At some point, there’s a good chance you’ll think about adding a dog into your furry family. While a dog can be a welcomed part of the family, some of your pets may not adjust easily to the newcomer. Their first encounter can have unpredictable outcomes, and like with people, first impressions count for a lot. So if you’re thinking of adding a dog to your home, be sure to take the following advice into consideration.

For homes that have existing resident dogs

Before anything else, assess if you should really be adding another dog into your family home. If your other dog(s) have a history of aggressiveness or fighting, you could be welcoming further tension and stress into your home. However, if you’re sure this is the right option for your family, perhaps talk to a canine behaviorist who will also give you some suggestions before you bring the new dog home.

1. Let them meet in a neutral setting

After you’ve picked up your new dog, bring your other dog(s) and your new dog together in a neutral setting so they can meet. They will then familiarize themselves and will reduce the chances of flare-ups once they reach home. If you bring the new dog straight home without letting them meet at this neutral place, your existing dog could become territorial and aggressive. Not a great start to their relationship.

2. Keep them on a loose leash

For the first few encounters, all dogs should be on a leash without a lot of tension. This is so you can quickly pull them away if things go south. You should ideally have one person who will control the leash for each dog.

3. Let them sniff each other for brief periods with reward

Let your dogs sniff each other very briefly and reward them with treats if they remain calm (and only give it to them after their interactions). They may not have a lot of interest in each other, or alternatively could be very physical. Shorter sniffing periods work better during first encounters (think 3-5 seconds a period).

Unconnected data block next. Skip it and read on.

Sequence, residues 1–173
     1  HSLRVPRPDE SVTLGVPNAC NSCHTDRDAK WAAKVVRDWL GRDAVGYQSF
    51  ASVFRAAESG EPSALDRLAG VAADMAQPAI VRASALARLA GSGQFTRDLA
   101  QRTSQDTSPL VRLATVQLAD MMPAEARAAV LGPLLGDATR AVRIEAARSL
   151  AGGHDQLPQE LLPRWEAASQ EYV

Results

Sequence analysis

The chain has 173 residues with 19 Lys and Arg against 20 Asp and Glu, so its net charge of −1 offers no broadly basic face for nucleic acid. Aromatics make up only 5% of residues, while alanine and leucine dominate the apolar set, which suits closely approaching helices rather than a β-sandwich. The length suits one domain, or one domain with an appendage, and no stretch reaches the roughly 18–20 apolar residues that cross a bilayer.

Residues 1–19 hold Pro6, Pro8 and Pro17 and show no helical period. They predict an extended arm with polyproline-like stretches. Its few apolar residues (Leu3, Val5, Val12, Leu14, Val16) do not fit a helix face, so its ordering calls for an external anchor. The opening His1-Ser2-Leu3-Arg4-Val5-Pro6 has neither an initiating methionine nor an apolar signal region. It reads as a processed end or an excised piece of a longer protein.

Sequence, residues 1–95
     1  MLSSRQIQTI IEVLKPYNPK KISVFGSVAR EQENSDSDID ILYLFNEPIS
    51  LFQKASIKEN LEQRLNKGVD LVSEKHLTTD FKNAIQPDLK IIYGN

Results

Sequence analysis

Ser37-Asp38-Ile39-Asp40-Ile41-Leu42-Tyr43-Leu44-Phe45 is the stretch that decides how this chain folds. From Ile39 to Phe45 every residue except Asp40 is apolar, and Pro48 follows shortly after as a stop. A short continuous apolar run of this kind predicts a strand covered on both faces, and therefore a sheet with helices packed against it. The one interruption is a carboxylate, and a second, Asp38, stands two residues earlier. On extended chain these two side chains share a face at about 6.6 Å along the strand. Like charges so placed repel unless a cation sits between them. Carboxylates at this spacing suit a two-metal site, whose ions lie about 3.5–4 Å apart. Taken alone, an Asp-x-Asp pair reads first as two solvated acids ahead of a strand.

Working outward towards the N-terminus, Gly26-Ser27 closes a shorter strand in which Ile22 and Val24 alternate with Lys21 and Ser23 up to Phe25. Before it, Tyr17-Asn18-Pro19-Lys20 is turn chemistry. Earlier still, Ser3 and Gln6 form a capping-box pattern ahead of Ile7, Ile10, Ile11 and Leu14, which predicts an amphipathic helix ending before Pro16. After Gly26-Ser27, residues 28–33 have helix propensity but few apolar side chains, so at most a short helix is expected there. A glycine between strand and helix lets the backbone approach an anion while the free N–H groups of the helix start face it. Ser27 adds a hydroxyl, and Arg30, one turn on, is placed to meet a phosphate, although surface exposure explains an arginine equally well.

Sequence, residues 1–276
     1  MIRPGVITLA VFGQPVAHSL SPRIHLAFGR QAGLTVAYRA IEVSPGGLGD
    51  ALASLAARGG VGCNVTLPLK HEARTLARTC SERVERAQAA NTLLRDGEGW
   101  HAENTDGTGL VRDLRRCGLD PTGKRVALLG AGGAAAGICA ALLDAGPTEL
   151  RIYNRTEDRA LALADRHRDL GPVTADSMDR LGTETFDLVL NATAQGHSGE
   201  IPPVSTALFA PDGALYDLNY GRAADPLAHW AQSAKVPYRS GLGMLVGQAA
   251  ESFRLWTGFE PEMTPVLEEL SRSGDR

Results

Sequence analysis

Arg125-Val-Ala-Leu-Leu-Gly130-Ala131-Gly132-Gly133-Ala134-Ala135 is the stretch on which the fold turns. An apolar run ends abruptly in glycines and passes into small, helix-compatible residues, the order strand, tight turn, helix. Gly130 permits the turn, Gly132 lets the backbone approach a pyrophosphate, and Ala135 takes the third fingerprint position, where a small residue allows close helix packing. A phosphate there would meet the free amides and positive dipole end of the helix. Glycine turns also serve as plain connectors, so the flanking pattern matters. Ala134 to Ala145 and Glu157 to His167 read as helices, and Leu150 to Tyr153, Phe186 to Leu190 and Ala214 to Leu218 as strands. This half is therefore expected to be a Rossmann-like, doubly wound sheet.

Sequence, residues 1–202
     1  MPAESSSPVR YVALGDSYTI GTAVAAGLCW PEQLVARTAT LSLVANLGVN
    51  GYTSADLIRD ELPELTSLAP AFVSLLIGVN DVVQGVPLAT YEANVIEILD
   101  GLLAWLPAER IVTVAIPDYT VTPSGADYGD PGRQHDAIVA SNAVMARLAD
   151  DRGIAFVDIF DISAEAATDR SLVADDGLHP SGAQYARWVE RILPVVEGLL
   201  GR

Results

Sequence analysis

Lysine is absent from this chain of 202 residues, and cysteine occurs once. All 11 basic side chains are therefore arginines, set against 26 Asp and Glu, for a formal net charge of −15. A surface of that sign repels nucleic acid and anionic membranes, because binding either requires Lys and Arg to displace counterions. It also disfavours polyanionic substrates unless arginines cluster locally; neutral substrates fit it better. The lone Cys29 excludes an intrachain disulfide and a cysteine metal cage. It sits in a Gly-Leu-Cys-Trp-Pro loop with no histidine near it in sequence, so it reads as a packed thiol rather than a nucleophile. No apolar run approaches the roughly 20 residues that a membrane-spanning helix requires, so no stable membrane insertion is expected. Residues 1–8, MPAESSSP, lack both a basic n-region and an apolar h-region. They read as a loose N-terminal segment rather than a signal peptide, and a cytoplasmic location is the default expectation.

4. Let them sniff each other for brief periods with reward

Both dogs should have designated sleeping and eating areas which are separate from each other. This is because your dogs may get territorial if they’re too close together. After a few weeks, you may begin testing bringing their areas closer together.

5. Monitor their behavior

You must continue to monitor and correct their behavior from now on. Of course, your dogs may start playful fighting, but if it’s clearly getting too aggressive then you’ll have to intervene. In extreme cases, you may have to enlist the help of a specialized dog behaviorist.

For homes that have resident cats

Cats and dogs can be fairly harmonious pets if they’re introduced well and don’t get each other’s way. To get to this point though requires a lot of patience and planning.

1. Make sure you have safe-zones for your cat

Cats can become easily distressed and need their own private space in every room where the dog can’t get to. This could be a fenced-off area or even the top of a shelf. Your cat needs to feel like they can escape a situation and not be irritated further.

2. Let your new dog explore the house

Put your cat(s) into their safe zone and let the dog explore your home. At this point, the two shouldn’t physically meet, although your dog will pick up the scent of a cat.

3. Leashed interactions

Especially for the first few interactions, your new dog should be on a short leash. This is because when they see your cat they are likely to chase it or bark. It is common for your cat to hiss and run away in these first few interactions. It will take some time for them to feel comfortable about a new dog in their home. If your dog starts to chase or leap at your cat, give the leash a quick tug and command them to sit. They will soon learn that chasing is inappropriate behavior. Repeat, repeat, repeat this until both animals seem more at ease in each other’s presence.

4. Let your new dog off leash but monitor closely

You should always be in the room during the first few encounters off leash. Correct any behavior like chasing or biting. Your cat may swat at your dog, but your dog should learn after this encounter to not irritate the cat in the same way.

Adding a new dog to the family is a very exciting time but does require a bit of pre-planning. Whether you have an existing cat or dog, using the above methods will allow for a fairly stress-free and seamless integration.